ESPN Navigates High-Octane MLB Opening Week With Ease
It doesn’t get much busier than MLB opening week for Terry Brady and his team. This week, the ESPN director of remote operations has overseen a monumental season-opening effort that included five national MLB telecasts in four time zones in less than 36 hours (plus two more games on Wednesday). ESPN’s annual opening-week MLB blowout is no small task, especially when considering the fact that the network looks to up the technological ante on its productions every year.
“We are always trying to improve our storytelling, and we are open to any technical enhancement that would do that,” says Brady. “We always are eager to try out new things and look to the future to implement new technologies. I think you’ll definitely see that in our [MLB coverage] this year.”
All About Slo-Mo
ESPN experimented with a variety of new production elements during spring training this year, including a split-block I-MOVIX ultra-slow-motion camera (shooting at approximately 600 fps) and a split-block 3X Sony super-slo-mo. The Sony super-mo will be in a mid-home position and serve as both a live–cut-in camera and a slow-motion–replay tool for plays at the plate and pitcher-catcher interaction.
The positive response to these new tech toys during spring training resulted in their use for the MLB openers, and fans will likely see them regularly on ESPN telecasts throughout the season.
“We tried them both out in spring training this year and liked them both, so we [kicked] them off in the regular season for the opening games,” says Brady. “We are going to run with this for the first few weeks, and, if we like it, then it might be something that we use for the rest of the year.”
ESPN will also deploy NAC Hi-Motion ultra-slo-mo systems throughout the season and may use a Vision Research Phantom camera after experimenting with it during spring training.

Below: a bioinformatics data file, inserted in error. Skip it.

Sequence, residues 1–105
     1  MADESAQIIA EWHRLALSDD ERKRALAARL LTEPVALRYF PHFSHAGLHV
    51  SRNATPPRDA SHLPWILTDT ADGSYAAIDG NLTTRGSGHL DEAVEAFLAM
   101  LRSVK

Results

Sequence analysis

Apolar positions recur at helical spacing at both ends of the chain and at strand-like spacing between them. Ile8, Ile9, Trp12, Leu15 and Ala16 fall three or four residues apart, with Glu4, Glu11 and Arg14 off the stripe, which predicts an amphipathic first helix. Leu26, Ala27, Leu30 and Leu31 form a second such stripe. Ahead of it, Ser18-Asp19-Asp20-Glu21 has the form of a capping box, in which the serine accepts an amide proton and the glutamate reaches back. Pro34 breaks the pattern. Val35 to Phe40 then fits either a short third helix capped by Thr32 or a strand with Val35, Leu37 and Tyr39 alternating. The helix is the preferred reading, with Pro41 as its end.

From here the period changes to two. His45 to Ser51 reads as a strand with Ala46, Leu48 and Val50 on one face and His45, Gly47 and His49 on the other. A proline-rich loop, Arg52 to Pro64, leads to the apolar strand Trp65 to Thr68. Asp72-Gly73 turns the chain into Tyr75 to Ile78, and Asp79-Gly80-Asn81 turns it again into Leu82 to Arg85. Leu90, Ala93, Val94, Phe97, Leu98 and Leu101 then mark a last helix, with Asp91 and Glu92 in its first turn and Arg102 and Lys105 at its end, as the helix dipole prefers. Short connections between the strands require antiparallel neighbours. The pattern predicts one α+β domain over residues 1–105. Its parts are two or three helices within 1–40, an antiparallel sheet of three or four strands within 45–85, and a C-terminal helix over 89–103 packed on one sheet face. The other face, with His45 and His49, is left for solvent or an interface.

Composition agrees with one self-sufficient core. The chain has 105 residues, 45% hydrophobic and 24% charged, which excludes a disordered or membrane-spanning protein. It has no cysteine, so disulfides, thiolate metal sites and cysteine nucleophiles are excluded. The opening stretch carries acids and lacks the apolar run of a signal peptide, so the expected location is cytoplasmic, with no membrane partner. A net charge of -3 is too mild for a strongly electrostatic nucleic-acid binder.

“We’ve looked into using a Phantom camera, and we have used it at the Home Run Derby going back as far as 2006,” says Terry. “We might use that this year as we go through the season. We’re just hoping to bring the fan closer to the field, and, since baseball is a game of inches, we’re really looking to showcase that.”
More Robotics, Wireless Cams
In addition to the I-MOVIX and Sony high-speed cameras, ESPN is looking to increase the amount of aerial coverage on its Sunday, Monday, and Wednesday Night Baseball telecasts, as well as adding in-dugout robotics on the bulk of its Monday Night Baseball shows.
Returning this year are wireless RF audio/video packages on Sunday and Monday Night telecasts, as well as the use of mini GoPro cams on Monday nights.
“We are also looking at placing a small wireless camera in different spots, but we have to continue to work with MLB on that,” says Terry. “We looked at that in spring training as well. They are really small, low-profile RF cameras that we can place in locations that the fan wouldn’t otherwise see. But that is a work in progress.”
Odds and Ends
NEP and Game Creek provided the horde of mobile facilities needed for ESPN’s chock-full week, starting on Sunday with NEP SS25 in Houston for the Astros’ American League debut against the Rangers. Then, on Monday, NCPVII was in New York for Yankees-Red Sox, NCPX handled Giants-Dodgers in Los Angeles, SS16 took on Phillies-Braves in Atlanta, and Game Creek Glory housed the Cardinals-Diamondbacks production in Phoenix.
In terms of graphics, ESPN has upgraded its Vizrt VizArtist and VizEngine platforms to the latest, 3.5 version. Sportvision’s K-Zone technology is returning for Sunday and Monday Night telecasts with periodic use on Wednesday nights.